You need to model for your church’s parents the importance of serving in the nursery and preschool departments. Too many parents receive the benefits of childcare for their little ones, but they don’t give back by serving themselves. Perhaps seeing their pastor serve would encourage them to make a commitment.

Read more here

Blackballed

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We live in an odd time. A time where we think about how much our friends like our social media posts. How when they suddenly stop liking them or commenting, we begin to question whether they really are our friends or not.

Can you imagine telling your great grandparents, those that had lived through the Great Depression, about how your friends on social media are suddenly not liking your posts?

“I feel like they are blackballing me, Great Grandma Hall.”

And as we are navigating these choppy social waters, the thought dawns on us that we will have to help our kids through muck like this too. (Pulling the plug on the Internet isn’t the solution either. Let go of the cord!) We have to engage, walk through, and confront these thoughts/situations that pop up.  Asking ourselves if perhaps:

  • We are spending too much time on social media
  • A friend we know through social media isn’t a great influence on us
  • Why such such a seemingly petty thing matters

When we get down to the core of the issue, it shouldn’t matter whether someone likes or comments on our posts… and yet it does.

“And Jesus said, love only those who like and comment on your social media musings.” – Not In The Bible

What do you think? I love it when you share your thoughts below in the comments.

Personal Preferences and Media Consumption

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Back on this date in 2017, I asked the following question on Facebook:

Parents: How much do personal preferences play a role in what media your child consumes?

The general response was that personal parental preferences play a huge role in what media a child consumes. I know that for years, in my home, I have curated and encouraged consumption of specific video games, shows, and movies. Part of that is me being an engaged parent; the other part of that is wanting to show my son what quality media looks and feels like.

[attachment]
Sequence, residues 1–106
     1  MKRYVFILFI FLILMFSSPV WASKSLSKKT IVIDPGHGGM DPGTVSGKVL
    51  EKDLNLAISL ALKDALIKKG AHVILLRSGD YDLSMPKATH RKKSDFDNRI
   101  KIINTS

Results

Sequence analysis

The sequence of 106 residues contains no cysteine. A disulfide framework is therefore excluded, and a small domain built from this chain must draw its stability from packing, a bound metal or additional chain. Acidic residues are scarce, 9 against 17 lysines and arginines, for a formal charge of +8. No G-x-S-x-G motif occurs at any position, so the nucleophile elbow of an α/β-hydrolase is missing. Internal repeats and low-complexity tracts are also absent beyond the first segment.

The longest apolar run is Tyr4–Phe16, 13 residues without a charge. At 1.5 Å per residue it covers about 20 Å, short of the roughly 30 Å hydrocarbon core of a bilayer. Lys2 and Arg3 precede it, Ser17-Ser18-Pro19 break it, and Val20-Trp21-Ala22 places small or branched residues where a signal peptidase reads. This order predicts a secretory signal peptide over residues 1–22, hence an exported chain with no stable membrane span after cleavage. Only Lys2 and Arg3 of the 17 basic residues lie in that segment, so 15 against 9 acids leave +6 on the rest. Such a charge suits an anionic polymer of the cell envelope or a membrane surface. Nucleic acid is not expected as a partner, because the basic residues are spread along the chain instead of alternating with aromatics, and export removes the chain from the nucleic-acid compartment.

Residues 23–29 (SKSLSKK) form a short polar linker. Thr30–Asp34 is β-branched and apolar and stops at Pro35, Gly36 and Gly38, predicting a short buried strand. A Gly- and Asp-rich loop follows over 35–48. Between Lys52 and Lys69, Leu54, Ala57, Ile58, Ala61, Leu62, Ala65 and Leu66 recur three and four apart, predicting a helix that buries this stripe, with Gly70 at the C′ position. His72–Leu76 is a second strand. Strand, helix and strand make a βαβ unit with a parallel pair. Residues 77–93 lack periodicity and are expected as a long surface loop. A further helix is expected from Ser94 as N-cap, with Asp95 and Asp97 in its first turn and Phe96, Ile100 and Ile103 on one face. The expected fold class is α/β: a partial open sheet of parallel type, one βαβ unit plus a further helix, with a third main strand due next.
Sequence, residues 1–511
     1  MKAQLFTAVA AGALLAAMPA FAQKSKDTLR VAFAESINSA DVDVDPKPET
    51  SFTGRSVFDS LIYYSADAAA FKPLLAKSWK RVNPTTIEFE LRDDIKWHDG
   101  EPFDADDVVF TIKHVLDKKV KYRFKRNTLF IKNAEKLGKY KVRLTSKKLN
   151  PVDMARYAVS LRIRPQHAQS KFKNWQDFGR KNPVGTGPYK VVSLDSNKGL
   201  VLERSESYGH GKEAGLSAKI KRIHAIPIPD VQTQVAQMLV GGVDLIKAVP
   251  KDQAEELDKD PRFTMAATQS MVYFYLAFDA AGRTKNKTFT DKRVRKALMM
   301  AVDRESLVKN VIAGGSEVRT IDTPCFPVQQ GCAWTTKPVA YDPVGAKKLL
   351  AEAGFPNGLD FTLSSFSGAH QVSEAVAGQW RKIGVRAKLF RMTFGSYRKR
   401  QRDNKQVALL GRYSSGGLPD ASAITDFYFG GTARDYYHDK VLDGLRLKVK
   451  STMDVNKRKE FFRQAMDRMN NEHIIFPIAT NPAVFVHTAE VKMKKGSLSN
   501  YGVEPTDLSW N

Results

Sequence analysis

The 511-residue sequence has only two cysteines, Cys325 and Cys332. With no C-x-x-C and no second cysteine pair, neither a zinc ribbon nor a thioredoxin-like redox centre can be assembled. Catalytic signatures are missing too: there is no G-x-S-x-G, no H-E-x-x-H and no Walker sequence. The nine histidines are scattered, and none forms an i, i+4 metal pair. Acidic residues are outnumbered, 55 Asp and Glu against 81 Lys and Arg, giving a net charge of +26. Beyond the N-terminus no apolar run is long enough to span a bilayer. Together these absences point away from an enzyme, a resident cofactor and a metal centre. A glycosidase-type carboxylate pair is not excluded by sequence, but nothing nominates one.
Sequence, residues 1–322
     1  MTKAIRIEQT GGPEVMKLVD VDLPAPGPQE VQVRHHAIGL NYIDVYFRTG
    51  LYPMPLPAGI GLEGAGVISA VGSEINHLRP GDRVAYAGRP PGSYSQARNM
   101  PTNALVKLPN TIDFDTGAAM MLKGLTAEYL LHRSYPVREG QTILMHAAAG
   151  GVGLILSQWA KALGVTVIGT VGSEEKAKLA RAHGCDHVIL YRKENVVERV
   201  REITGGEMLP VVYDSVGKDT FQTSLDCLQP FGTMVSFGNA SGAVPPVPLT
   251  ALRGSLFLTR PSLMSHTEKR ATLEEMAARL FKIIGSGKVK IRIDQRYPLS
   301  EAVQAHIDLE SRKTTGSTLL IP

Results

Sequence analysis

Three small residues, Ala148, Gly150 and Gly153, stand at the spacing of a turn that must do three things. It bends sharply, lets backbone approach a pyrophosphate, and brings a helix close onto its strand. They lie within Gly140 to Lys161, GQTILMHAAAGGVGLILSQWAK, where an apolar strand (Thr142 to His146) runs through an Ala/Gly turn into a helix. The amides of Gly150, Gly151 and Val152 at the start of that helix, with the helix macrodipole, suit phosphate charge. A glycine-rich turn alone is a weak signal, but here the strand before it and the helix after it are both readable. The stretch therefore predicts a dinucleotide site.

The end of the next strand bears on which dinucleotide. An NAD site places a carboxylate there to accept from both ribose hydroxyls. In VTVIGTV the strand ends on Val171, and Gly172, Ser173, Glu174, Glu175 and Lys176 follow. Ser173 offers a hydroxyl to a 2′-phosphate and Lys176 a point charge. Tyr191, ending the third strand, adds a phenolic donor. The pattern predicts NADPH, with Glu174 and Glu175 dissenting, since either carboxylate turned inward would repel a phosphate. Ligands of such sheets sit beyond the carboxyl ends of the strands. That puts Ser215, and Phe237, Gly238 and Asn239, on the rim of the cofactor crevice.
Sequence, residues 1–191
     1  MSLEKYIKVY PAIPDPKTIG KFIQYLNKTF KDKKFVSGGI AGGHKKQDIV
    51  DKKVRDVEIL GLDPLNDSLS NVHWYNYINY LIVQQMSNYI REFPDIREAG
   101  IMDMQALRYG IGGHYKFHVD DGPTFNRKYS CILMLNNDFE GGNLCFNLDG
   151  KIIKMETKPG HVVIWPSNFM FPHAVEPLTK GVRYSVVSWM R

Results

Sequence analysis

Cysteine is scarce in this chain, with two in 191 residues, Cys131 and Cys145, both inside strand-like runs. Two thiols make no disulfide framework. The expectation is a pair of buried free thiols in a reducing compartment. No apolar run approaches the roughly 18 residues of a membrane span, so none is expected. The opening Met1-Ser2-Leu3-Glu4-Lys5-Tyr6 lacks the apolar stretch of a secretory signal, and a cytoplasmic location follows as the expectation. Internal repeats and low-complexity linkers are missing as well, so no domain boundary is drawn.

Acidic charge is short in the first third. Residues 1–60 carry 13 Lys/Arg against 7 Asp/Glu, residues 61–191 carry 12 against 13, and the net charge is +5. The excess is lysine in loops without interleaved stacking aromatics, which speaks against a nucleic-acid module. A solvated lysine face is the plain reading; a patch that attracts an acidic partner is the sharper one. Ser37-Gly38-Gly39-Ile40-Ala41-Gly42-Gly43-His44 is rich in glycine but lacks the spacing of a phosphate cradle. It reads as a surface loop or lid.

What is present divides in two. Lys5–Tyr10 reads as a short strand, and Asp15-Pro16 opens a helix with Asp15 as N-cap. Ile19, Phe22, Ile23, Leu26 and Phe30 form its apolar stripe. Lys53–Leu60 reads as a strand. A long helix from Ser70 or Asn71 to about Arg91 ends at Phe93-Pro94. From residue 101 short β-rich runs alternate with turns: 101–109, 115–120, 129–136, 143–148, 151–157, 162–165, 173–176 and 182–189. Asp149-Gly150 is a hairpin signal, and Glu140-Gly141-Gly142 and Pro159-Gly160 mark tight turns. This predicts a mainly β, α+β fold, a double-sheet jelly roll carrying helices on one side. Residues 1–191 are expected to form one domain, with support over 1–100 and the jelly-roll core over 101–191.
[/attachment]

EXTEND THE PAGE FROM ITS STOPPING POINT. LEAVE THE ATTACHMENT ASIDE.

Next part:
Super Mario Odyssey represents quality media.

Over the years, my son has watched a few shows that have driven me nuts. There has been nothing wrong with these shows, content-wise, but the voice acting and plotlines just seemed inane. Something I’ve had to learn, as a parent, is that sometimes my kid is going to like something I do not.

The big bad video game, in my house lately, has been Fortnite. A typical match looks like:

  • Picking a place on the map to start out in
  • Scavenging for weapons
  • Trying not to make a lot of noise and survive
  • Engaging fellow players with the weapons I’ve collected while trying not to become a victim of the virtual Hunger Games.

I have found that I enjoy the satisfaction of staying alive and making it into the final 5 players alive. Knowing that 95 other players have been eliminated and that I’m one of the few remaining is a good feeling. But I dislike how aimless Fortnite otherwise feels. I dislike the lack of direction, objectives, and how I have to make my own fun while surviving at the same time.

Fortnite does not fit my personal gaming preferences. This has taken me awhile to realize/put into words. But I’ve learned that there are times, as a parent, where you need to be quiet and explore the things your kids love. I may dislike Fortnite for many reasons, but I enjoy the time I get to play with my son. I have to focus on that positive, co-op play, and ignore the “we could be playing such-and-such game instead because that game is designed better” thoughts. Play in the moment, right?